In his first seven games, Scott had accumulated a total of 14.9 fantasy points. Scott was provided a significant role from Week 14 through Week 17. He did not disappoint, scoring 24.8 points against the Giants, following that up with 13.5, 7.9 fantasy points the following two weeks, and then smashing the Giants again to close out the season with a 35.8 week to close out the NFL regular season. Scott now enters the 2020 season as the prohibitive favorite for the Eagles back up running back role. Even if the Eagles deviate from their recent past of a running back by committee, Scott should still have a role that provides anywhere from 10-12 total touches every week.
If teams that are eliminated from the playoffs aren’t able to add players from the waiver wire, then they have no chance to acquire a player like Scott. Locking waivers for non-playoff teams punishes the teams that need to improve their rosters the most. Even incremental improvements to a lousy roster can help. Acquiring an asset for blind bid money, which typically doesn’t carry over to the next season, is the cheapest way to improve a bad team. If not allowed to add players once a team is eliminated from the playoffs is a sure-fire way to cause an owner to lose interest in a league, which in turn makes them a less active owner.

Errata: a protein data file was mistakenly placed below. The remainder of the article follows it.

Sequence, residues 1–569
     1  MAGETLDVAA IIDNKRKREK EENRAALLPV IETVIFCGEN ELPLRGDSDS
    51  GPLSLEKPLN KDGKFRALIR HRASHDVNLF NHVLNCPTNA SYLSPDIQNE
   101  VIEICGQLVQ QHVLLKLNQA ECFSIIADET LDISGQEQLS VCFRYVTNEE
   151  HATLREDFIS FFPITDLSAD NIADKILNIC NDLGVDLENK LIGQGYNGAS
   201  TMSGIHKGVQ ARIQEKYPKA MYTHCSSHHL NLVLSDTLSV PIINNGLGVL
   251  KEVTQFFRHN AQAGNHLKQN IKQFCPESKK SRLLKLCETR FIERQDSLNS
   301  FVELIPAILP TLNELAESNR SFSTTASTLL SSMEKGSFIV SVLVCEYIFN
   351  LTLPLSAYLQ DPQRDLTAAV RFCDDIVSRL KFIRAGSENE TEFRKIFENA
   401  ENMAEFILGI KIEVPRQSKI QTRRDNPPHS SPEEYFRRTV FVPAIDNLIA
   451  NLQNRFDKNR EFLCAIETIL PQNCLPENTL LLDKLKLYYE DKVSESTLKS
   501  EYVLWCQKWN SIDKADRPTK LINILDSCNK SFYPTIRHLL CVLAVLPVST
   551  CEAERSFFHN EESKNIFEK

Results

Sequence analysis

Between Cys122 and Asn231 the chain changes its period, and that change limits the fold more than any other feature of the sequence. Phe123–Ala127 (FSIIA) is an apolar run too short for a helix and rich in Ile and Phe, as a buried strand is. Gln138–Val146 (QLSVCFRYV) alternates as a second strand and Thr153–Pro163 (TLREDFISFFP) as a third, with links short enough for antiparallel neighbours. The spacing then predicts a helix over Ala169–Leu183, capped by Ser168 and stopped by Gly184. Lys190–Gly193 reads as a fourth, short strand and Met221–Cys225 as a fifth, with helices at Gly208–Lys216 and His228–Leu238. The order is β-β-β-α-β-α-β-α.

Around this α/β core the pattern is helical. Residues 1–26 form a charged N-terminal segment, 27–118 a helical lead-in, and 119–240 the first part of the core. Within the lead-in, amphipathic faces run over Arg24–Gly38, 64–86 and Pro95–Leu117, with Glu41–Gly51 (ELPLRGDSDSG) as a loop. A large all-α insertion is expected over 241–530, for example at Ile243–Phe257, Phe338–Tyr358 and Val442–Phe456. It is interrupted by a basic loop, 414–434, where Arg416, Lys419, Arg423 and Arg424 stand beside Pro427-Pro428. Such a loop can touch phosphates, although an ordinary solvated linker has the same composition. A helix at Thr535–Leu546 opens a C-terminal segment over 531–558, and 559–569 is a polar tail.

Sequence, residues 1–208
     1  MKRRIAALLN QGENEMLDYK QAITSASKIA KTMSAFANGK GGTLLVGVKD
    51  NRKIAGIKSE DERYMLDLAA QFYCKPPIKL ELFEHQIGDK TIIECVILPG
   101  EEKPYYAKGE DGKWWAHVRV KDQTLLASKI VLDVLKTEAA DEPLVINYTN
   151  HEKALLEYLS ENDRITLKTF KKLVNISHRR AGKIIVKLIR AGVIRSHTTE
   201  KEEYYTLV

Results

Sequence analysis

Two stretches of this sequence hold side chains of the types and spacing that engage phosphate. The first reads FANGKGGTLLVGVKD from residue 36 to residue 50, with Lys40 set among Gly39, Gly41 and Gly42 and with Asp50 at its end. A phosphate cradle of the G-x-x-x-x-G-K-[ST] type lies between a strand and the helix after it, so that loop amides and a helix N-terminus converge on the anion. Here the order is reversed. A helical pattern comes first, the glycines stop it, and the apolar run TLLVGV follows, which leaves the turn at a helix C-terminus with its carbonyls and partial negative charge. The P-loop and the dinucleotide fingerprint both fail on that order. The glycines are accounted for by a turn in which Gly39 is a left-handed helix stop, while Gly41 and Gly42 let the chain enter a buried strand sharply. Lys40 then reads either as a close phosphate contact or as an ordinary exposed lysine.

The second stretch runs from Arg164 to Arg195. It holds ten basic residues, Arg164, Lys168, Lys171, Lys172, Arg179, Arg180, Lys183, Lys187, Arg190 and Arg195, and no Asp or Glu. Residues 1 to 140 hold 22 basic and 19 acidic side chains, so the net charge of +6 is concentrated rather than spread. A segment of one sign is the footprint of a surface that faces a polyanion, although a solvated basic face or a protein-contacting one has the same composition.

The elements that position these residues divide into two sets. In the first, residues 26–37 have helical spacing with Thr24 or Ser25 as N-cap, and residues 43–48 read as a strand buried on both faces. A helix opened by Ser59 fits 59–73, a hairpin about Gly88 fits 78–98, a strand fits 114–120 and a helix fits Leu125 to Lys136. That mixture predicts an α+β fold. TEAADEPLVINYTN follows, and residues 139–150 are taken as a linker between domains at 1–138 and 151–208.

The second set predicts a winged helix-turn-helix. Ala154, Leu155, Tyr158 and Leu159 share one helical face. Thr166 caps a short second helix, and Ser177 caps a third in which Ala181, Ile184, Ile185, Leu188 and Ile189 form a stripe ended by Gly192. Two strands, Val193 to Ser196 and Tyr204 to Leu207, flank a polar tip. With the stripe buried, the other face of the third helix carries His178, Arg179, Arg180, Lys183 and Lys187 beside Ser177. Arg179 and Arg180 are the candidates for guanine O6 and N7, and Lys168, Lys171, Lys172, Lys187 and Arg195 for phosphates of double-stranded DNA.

Payouts for Weekly High Scores
Everyone likes money. The chance to win back some of a league’s buy-in is enough to keep even the most easily distracted owners engaged. The cost of your league will dictate how much is paid out for each week’s high score. For instance, if it’s a 12 team league with a buy-in of $50, your league could easily absorb paying $5 for each week’s highest-scoring team. Paying $5 to the highest-scoring team every week during the regular season would only account for 10.83% of the total league pot. This would leave more than enough money to pay out your fantasy bowl champion, runner up, semifinalists, and the team with the best overall regular-season record (if you so choose). You could also structure these payouts to be only made from weeks nine through 13, which is when teams are eliminated from playoff contention. This would allow the payouts for those weeks to be higher, which should undoubtedly keep everyone engaged. This is something that you can use in both redraft and dynasty leagues to keep everyone’s attention.